Home Animals Box turtles in New Mexico

Box turtles in New Mexico

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Box turtles in New Mexico are a popular sight, easily spotted waddling around gardens and woodlands. These small reptiles are considered to be symbols of New Mexico’s culture and beauty, so they have been protected since their listing on the state’s endangered species list in 1967. 

There are two types of box turtles in New Mexico—

  • Spotted and 
  • Ornate

and both thrive in habitats that provide plenty of places for them to hide from predators. They feed on a variety of plants, fungi, insects, and even carrion, and they spend most of their life burrowed underground or under shrubs. 

box turtles in new mexico

Habitat

They inhabit many diverse environments and can be discovered living along the Rio Grande river, in grasslands, in woodlands, or in thick scrub areas. As their name suggests, they use their hard shell as a form of protection. With no significant threats to their population, you may find yourself lucky enough to spot these remarkable creatures basking in the sun during their active summer months.

Diet

The dietary needs of box turtles in New Mexico can vary greatly depending on their location and individual species. Generally, box turtles are omnivores that enjoy a variety of foods, including fruits, vegetables, dead insects, and earthworms. In the wild, most box turtle diet consists of leafy green plants like clover, and dandelion greens and other wild vegetation such as mushrooms.

Wild box turtles in New Mexico may also eat caterpillars and butterflies as well as fish and frogs found in shallow ponds or streams. Captive box turtles living in areas with warmer climates will gain additional nourishment from a varied diet consisting of fresh fruits, vegetables, small pieces of cooked meat, and boiled eggs as well as commercial turtle diets. 

box turtles in open

Colour

The colour of box turtles in New Mexico takes on a variety of colours, ranging from shades of orange and red to warm browns and greens. Some have patterns of yellow or white colouring all over their shells, giving them an even more stunning, distinct look.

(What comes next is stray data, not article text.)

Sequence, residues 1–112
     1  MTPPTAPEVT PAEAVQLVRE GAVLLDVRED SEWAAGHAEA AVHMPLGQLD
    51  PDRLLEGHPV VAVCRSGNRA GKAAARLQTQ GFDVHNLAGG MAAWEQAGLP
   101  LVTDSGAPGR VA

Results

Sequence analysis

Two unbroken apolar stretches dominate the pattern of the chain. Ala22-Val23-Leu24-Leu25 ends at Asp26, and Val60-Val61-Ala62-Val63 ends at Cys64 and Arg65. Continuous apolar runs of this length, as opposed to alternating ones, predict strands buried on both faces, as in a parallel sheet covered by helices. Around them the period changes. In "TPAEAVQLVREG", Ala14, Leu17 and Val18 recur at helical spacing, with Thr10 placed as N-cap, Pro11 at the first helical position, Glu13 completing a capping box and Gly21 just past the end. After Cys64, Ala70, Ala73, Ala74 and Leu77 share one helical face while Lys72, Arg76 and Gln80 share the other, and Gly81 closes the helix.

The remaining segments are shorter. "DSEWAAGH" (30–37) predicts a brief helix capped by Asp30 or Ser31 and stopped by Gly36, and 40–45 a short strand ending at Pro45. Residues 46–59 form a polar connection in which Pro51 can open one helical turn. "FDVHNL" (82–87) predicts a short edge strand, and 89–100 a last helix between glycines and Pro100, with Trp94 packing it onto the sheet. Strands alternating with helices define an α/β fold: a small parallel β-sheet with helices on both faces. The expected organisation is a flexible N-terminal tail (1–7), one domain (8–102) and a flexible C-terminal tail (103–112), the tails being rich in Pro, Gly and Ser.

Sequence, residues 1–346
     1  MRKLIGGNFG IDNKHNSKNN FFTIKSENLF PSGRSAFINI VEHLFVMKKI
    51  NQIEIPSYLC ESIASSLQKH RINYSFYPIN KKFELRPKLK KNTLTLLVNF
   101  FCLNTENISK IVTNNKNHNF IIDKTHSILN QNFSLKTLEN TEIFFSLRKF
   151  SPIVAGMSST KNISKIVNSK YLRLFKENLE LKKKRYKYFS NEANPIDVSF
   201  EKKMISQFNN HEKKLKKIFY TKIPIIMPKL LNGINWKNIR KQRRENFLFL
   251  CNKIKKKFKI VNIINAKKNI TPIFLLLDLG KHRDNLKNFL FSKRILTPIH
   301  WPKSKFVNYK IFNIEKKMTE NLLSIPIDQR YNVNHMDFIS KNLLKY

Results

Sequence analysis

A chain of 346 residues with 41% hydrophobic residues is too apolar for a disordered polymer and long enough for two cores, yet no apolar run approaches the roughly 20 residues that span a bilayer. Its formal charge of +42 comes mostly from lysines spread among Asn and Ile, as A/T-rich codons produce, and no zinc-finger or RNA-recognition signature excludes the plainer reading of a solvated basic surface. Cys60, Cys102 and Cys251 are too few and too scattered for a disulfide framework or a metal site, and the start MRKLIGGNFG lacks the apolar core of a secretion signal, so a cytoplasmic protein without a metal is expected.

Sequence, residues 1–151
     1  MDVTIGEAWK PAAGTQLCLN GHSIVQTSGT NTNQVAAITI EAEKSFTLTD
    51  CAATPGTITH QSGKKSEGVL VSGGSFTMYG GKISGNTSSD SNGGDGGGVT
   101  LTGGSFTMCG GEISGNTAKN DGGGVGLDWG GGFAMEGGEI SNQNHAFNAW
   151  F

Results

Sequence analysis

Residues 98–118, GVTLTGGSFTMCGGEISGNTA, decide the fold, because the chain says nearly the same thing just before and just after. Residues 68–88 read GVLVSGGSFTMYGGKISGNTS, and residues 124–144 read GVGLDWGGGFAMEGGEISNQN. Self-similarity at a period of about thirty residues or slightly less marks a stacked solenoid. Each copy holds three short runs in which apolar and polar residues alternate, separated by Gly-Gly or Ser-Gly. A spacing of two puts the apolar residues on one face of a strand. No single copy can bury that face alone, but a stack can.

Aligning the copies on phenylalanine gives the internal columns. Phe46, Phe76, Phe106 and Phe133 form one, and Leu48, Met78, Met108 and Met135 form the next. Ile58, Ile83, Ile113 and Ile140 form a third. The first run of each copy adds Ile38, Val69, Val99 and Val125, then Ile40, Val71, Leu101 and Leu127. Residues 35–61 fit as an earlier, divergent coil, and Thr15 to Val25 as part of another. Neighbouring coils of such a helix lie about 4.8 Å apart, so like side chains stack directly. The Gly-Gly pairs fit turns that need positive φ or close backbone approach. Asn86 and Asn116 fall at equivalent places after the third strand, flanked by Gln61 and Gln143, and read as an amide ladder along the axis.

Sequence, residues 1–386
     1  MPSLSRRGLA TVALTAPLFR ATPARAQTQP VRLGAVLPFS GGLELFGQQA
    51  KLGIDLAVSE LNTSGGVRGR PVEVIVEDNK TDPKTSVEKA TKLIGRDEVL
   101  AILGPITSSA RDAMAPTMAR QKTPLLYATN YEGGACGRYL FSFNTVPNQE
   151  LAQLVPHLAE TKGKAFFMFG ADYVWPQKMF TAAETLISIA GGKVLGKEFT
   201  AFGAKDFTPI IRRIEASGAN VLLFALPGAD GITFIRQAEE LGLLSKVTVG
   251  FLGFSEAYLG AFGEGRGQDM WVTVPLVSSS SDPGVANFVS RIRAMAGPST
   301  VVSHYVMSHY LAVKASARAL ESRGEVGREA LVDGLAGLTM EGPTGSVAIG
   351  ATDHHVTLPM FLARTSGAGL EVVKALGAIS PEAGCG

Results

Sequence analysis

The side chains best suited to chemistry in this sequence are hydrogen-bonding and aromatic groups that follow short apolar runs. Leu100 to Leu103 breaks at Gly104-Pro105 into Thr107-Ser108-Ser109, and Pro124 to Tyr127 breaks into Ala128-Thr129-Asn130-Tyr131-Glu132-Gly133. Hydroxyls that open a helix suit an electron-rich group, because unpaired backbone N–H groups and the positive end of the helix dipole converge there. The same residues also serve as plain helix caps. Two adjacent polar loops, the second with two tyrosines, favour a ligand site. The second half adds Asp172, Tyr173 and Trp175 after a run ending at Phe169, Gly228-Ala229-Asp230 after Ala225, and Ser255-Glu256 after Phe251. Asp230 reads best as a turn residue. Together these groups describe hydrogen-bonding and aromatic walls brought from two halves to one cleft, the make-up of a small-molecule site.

Size, Lifespan and Weight 

Box turtles are relatively small reptiles, with a lifespan of around 50 years. The daily size and weight vary between species of box turtles, as they can range from 4” to 8” in length and 2-6 pounds in weight. The larger species require more space and bigger enclosures that mimic their natural environment and allow them to grow properly. 

Predators

Box turtles in New Mexico can live in many habitats, so they have quite a few predators prowling the areas nearby looking for them. These include raccoons, skunks, foxes, snakes and hawks. Though box turtles are able to defend themselves by retreating into their shells, it is ultimately no match for any of these animals that are intent on making a meal from this small delicacy. It is up to us humans to safeguard box turtles from becoming prey and take care when interacting with them and their habitats.

box turtles eating

Reproduction

Box turtles in New Mexico are fascinating creatures and their reproductive cycle is particularly interesting. Females will often lay several clutches of eggs per season, laying as many as six to eight eggs in each clutch. For terrestrial species, the embryos undergo dormant periods during the winter months in colder climates, allowing them adequate time to fertilize and develop. Females will often breed every two or three years, but certain conditions such as adverse weather can stop reproduction for a season or longer.

Costs associated with reproduction are fairly minimal since males do not actively participate in incubation or rearing, though they will provide paternal protection when nearby. The eggs can take anywhere from two to eighteen months to hatch and the mother will usually stay close by until they have all hatched; once the baby turtles emerge they are on their own immediately and must fend for themselves in the wild.

References:

http://www.nmherpsociety.org/reptiles/turtles/index.html

Author Profile

A motivated philosophy graduate and student of wildlife conservation with a deep interest in human-wildlife relationships, including wildlife communication, environmental education, and conservation anthropology. Offers strong interpersonal, research, writing, and creativity skills.

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A motivated philosophy graduate and student of wildlife conservation with a deep interest in human-wildlife relationships, including wildlife communication, environmental education, and conservation anthropology. Offers strong interpersonal, research, writing, and creativity skills.

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